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Polymers of Intrinsic Microporosity

Membrane Materials, Characterization, and Module Design

  1. Neil B. McKeown1,
  2. Peter M. Budd2

Published Online: 27 SEP 2013

DOI: 10.1002/9781118522318.emst057

Encyclopedia of Membrane Science and Technology

Encyclopedia of Membrane Science and Technology

How to Cite

McKeown, N. B. and Budd, P. M. 2013. Polymers of Intrinsic Microporosity. Encyclopedia of Membrane Science and Technology. 1–17.

Author Information

  1. 1

    Cardiff University, Cardiff, UK

  2. 2

    University of Manchester, Manchester, UK

Publication History

  1. Published Online: 27 SEP 2013


Polymers of intrinsic microporosity (PIMs) are emerging as promising materials for making organic membranes. PIMs are high free volume polymers that behave as classical microporous materials as demonstrated by gas adsorption, despite lacking a network of covalent bonds. However, unlike network-based microporous materials, they have the advantage of being soluble in organic solvents and are solution processable into forms suitable for membrane fabrication. The intrinsic microporosity of PIMs arises from the contorted shape and rigidity of the component macromolecules, which prevents space-efficient packing. Here, the methods of synthesis of PIMs of relevance to membrane studies are described and important methods of characterizing intrinsic microporosity, such as gas absorption, are outlined and structure-property relationships explained. Finally, the research on PIMs as membrane materials for organic nanofiltration, pervaporation, and particularly gas and vapor separations, are described.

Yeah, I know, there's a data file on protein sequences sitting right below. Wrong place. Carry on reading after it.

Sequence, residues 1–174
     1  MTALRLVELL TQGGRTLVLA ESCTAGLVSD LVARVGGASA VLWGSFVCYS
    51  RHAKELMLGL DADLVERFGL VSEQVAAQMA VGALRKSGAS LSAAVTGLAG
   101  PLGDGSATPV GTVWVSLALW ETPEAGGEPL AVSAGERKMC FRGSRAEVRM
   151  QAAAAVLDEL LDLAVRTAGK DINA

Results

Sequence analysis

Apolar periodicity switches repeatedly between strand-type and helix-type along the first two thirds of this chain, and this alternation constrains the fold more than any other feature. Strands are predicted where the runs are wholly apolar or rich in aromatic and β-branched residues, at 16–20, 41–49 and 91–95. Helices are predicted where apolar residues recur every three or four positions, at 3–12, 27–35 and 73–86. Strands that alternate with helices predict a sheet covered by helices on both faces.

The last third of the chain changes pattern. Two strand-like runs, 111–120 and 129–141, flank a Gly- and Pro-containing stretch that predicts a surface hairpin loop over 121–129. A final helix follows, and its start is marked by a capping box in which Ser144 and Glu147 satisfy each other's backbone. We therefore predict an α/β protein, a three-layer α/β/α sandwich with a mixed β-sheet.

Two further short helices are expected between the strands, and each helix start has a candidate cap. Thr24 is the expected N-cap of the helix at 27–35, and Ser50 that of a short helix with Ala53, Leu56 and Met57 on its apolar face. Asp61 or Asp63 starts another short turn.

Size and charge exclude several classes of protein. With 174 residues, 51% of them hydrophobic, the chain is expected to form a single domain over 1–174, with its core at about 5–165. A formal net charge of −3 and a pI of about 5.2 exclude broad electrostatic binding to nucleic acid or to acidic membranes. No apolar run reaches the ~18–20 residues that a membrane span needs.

• polymers of intrinsic microporosity (PIM);
  • gas separation;
  • pervaporation;
  • nanofiltration;
  • membrane material